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Financial Crimes

24 indicted for allegedly participating in $2.3 million tax refund conspiracy

CHICAGO - Twenty-three new defendants are facing federal charges, along with a Skokie, Ill., man who was arrested in April, for allegedly conspiring since 2008 to claim more than $2.35 million in fraudulent federal income tax refunds and economic stimulus payments. The charges resulted from an investigation conducted by the FBI, the Internal Revenue Service (IRS) Criminal Investigation Division, and the U.S. Immigration and Customs Enforcement (ICE) Office of Homeland Security Investigations (HSI).

Each of the 24 defendants was charged with one count of conspiracy to steal federal funds and defraud the IRS, and one or more counts of theft of government funds. The charges were contained in two separate federal grand jury indictments that were unsealed after six of the defendants were arrested on Tuesday.

All two dozen defendants allegedly shared the proceeds of IRS tax refunds, totaling more than $1.3 million, by withdrawing the tax funds deposited into co-defendants' bank accounts, knowing that they were not entitled to the fraudulently obtained refunds.

The indictments followed the April arrest of Ovidiu Isac, 28, of Skokie, who allegedly directed the conspiracy. Isac and other defendants allegedly recruited co-conspirators to open bank accounts, withdraw the deposited tax refunds and stimulus payments, and share the proceeds.

The following six defendants were arrested July 13: Ovidiu Isac's brother, Daniel Isac, 25, of Mount Prospect, Ill.; Vasile George Husti, 19, of Chicago; John Pop, 25, of Bellevue, Wash., and formerly of Chicago; Marius Timofti, 26, of Chicago; and Cristian Talos, 31, and his wife, Virginia Talos, 27, both of Bothel, Wash., and formerly of Chicago.

The following 17 were also indicted: Louis Lupancu, 22, of Chicago; Daniel Garbacz, 21, of Burbank, Ill.; Miklos Ilyes, 47, of Chicago; Tomasz Mulica, 23, of Burbank; Costel Niculcea, 25, of Burbank; Stefan Valentin Niculcea, 28, of Burbank; Andrei Stanciu, 26, of Chicago; Ilie Stramturean, 26, of Chicago; Eugen Marius Szasz, 31, of Chicago; Marius Vainoras, 20, of Chicago Ridge; James McKibbin, 20, of Chicago; Bogdan Branisteanu, 28, of Chicago; Valeriu Soare, 27, of Skokie; Anca Andronache, 25, of Schiller Park, Ill.; Maribel Juarez, 24, of Chicago; Simona Laba, 23, of Chicago; and Anuta Mihai, 26, of Arlington Heights, Ill.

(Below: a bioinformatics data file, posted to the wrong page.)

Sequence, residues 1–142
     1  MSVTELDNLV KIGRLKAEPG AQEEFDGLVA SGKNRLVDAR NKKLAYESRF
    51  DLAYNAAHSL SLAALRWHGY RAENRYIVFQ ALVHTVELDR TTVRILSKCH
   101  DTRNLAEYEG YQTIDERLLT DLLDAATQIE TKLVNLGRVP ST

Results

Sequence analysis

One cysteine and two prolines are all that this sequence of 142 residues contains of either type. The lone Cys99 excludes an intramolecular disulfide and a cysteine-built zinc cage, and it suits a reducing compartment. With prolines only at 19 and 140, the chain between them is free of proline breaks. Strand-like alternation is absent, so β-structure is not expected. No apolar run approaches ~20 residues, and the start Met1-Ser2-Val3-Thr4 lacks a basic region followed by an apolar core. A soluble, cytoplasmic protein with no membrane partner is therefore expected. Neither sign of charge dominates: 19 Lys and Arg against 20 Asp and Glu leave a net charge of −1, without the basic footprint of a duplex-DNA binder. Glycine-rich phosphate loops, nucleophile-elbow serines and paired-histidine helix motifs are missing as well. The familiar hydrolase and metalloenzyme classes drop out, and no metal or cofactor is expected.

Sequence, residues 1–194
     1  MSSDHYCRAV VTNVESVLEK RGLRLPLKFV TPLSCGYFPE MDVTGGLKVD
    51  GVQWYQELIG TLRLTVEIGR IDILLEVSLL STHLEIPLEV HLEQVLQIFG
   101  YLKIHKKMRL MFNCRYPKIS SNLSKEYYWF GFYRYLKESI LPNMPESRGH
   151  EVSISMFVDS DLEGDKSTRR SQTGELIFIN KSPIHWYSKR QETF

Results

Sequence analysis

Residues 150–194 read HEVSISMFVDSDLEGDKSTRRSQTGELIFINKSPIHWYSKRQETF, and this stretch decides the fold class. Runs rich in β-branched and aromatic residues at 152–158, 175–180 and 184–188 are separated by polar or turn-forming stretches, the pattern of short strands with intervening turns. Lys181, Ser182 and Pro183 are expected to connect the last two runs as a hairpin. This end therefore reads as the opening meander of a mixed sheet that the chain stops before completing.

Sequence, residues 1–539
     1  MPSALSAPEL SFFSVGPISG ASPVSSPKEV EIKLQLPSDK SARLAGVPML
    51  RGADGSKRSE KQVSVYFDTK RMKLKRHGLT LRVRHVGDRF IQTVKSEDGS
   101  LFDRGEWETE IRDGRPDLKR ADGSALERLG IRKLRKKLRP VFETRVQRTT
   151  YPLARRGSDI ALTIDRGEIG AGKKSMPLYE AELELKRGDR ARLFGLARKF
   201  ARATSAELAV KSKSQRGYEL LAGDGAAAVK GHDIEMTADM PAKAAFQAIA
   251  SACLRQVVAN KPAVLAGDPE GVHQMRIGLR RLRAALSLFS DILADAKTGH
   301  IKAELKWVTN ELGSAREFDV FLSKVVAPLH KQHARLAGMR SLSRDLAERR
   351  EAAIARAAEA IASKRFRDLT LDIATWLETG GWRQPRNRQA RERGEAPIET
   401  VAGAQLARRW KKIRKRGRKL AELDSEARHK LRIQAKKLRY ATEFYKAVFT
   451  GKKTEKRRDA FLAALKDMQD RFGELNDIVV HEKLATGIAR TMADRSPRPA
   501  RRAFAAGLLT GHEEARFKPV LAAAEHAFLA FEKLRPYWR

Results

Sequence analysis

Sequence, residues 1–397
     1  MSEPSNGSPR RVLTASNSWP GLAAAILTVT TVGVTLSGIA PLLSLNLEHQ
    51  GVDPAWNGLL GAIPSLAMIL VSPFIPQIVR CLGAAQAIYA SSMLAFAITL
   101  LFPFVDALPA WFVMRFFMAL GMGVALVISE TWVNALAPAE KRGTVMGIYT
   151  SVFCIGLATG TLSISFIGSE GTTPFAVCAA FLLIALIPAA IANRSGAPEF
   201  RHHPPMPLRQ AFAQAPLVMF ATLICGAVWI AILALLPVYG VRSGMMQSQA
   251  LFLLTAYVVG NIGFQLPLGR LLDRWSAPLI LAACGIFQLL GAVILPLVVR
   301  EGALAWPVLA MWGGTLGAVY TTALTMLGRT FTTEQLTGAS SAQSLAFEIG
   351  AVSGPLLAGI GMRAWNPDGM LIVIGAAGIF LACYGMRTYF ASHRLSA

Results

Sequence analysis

According to the indictments, individual tax returns contained the names of Romanian nationals, including Romanian citizens who had traveled to the United States on "J-1" exchange visitor visas. The tax returns included false W-2s showing employment income and false deductions, resulting in fraudulent claims for tax refunds. The indictments allege that for the tax years 2007, 2008 and 2009, more than 440 fraudulent tax returns were filed directing the IRS to electronically deposit the refunds in bank accounts primarily in the Chicago area.

Some of the defendants allegedly recruited individuals who agreed to open bank accounts, or use their existing bank accounts, to receive tax refunds and economic stimulus payments. When Ovidiu Isac or another recruiter notified the account holder that a refund had been deposited, the account holders typically withdrew the money, shared it with the recruiter, and kept some for themselves.

The conspiracy count carries a maximum penalty of five years in prison and a $250,000 fine; each count of theft of government funds carries a maximum sentence of 10 years in prison and a $250,000 fine. In addition, restitution is mandatory to the United States for the amount of tax refunds and stimulus payments fraudulently obtained.

Assistant U.S. Attorneys Julie Porter, John Hauser and Matthew Burke, Northern District of Illinois, are prosecuting the case. The investigation is ongoing.

The public is reminded that indictments contain only charges and are not evidence of guilt. The defendants are presumed innocent and are entitled to a fair trial at which the government has the burden of proving guilt beyond a reasonable doubt.